Zajednički odjel za elektroničke elemente / poluvodičke integrirane sklopove (ED15/SSC37) Hrvatske sekcije IEEE poziva Vas na predavanje:
Future of Silicon Trackers at CERN’s LHC and beyond,
koje će održati Dr. Heinz Pernegger, Senior Physicist, CERN. Predavanje će se održati u utorak 29. listopada 2019. s početkom u 10:00 sati u Sivoj vijećnici Fakulteta elektrotehnike i računarstva Sveučilišta u Zagrebu, Unska 3, Zagreb.
Predavanje je na engleskom jeziku, a predviđeno trajanje s raspravom je 60 minuta. Predavanje je otvoreno za sve zainteresirane, a posebno pozivamo studente.
Više o predavaču i predavanju možete pročitati u opširnijem sadržaju obavijesti.
CERN’s Large Hadron Collider (LHC) is the world’s largest particle accelerator and is used by a world-wide community for studies in particle physics. Experiments at the LHC record and analyse high-energy proton-proton collisions to study the fundamental structure of matter and its interactions. At the experiment’s center silicon detectors record particle’s tracks with high precision 40 million times per second to reconstruct new particles created in these collisions. The upgrade of tracking detectors for the High-Luminosity Large Hadron Collider at CERN requires the development of novel radiation hard silicon sensor technologies to cope with the ever increasing demands for accuracy, time resolution, hit-rate capability and radiation hardness. The presentation gives an overview of silicon detectors at CERN’s HL-LHC and future colliders emphasising technological challenges and recent developments.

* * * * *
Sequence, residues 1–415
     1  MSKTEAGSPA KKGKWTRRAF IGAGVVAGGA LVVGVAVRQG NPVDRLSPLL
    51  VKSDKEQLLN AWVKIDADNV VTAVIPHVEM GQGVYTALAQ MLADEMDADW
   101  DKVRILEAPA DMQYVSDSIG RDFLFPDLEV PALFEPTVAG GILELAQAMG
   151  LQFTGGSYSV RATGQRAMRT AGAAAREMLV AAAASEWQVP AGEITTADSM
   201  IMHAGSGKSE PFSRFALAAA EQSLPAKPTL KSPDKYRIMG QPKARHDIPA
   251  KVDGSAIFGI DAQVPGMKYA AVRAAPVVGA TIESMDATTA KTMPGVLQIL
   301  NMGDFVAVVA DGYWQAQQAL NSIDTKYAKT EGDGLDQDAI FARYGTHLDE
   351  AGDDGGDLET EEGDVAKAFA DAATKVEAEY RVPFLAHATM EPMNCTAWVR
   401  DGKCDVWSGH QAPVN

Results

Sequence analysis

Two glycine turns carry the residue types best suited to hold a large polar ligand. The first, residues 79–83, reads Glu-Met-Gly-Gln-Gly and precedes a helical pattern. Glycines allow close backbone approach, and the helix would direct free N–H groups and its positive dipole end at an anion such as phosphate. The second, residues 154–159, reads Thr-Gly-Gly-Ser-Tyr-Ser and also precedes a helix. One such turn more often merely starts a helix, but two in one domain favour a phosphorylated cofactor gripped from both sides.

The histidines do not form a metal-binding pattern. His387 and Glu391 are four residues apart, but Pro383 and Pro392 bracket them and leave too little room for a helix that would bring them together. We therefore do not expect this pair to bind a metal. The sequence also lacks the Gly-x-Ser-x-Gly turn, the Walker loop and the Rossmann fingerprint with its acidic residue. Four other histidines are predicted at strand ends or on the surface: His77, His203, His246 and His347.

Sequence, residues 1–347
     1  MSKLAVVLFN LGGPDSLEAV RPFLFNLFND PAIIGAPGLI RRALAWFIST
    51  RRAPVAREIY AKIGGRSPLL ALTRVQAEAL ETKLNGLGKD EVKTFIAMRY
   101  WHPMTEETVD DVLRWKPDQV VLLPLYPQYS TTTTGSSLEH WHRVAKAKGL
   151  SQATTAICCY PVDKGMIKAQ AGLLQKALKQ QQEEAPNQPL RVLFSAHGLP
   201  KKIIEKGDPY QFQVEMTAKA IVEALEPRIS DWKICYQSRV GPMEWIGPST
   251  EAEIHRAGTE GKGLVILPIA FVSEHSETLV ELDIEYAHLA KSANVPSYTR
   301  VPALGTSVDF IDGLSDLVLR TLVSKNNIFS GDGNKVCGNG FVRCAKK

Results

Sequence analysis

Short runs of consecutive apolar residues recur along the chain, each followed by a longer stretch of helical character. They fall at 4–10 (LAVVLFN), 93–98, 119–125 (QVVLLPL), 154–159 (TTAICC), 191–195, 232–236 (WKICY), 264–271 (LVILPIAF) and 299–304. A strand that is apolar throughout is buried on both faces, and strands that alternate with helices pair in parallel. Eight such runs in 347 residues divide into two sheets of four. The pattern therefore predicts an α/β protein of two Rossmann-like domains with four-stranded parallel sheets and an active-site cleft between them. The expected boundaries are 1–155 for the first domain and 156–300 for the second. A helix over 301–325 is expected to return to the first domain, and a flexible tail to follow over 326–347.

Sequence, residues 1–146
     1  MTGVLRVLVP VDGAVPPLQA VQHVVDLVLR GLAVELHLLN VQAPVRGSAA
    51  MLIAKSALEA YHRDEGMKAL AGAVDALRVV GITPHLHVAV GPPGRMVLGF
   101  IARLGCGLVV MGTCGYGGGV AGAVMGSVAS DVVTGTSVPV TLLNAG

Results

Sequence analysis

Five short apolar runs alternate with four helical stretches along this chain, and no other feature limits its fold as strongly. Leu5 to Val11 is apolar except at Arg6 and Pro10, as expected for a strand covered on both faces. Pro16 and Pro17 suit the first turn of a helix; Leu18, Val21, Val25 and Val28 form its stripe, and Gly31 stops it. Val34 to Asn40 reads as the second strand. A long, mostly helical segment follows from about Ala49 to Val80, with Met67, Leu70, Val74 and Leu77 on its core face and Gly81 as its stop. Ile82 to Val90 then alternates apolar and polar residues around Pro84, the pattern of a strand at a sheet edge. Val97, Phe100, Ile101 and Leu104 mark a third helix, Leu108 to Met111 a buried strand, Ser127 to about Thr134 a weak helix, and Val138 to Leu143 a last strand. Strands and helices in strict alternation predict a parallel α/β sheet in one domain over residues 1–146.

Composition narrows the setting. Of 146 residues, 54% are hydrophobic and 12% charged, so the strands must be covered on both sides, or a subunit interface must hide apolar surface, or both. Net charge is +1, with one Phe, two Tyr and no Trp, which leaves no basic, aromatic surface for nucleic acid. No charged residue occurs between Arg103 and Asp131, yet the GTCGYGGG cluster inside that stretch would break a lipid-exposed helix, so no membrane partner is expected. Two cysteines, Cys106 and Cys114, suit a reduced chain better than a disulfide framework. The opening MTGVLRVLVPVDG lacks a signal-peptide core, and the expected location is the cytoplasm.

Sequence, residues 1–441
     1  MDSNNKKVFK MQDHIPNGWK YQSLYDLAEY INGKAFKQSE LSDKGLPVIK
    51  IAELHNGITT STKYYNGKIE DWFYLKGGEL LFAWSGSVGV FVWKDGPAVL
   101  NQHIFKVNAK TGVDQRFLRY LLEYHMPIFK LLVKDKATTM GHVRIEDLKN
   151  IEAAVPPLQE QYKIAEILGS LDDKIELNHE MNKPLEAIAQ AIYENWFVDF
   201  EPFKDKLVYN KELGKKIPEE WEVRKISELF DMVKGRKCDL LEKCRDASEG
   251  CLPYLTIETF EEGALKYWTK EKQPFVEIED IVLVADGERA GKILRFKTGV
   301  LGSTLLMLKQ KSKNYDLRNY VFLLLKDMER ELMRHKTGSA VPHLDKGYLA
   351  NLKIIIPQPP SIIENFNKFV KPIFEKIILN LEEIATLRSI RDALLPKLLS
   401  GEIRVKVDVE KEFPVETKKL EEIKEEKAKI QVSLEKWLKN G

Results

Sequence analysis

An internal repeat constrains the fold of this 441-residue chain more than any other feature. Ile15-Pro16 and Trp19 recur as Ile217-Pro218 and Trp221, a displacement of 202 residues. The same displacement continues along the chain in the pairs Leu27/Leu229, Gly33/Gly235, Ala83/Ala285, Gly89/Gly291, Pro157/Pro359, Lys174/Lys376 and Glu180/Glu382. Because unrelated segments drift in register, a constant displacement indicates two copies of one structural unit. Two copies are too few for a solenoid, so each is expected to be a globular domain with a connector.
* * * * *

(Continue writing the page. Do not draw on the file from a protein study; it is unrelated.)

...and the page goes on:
Dr. Heinz Pernegger is a CERN Senior Physicist and co-leads the development of novel CMOS sensors as tracking detectors for the ATLAS experiment at CERN’s Large Hardon Collider. As network coordinator of the STREAM Project he initiated and coordinates an European Innovative Training network in the field of radiation hard CMOS sensors. He received his Ph.D. from the Technical University Vienna in 1996 and spent years of post-doctoral studies at Bookhaven National Laboratory and Massachusetts Institute of Technology. Since 2000 his research focuses at the development and construction of novel silicon detector systems for experiments at CERN.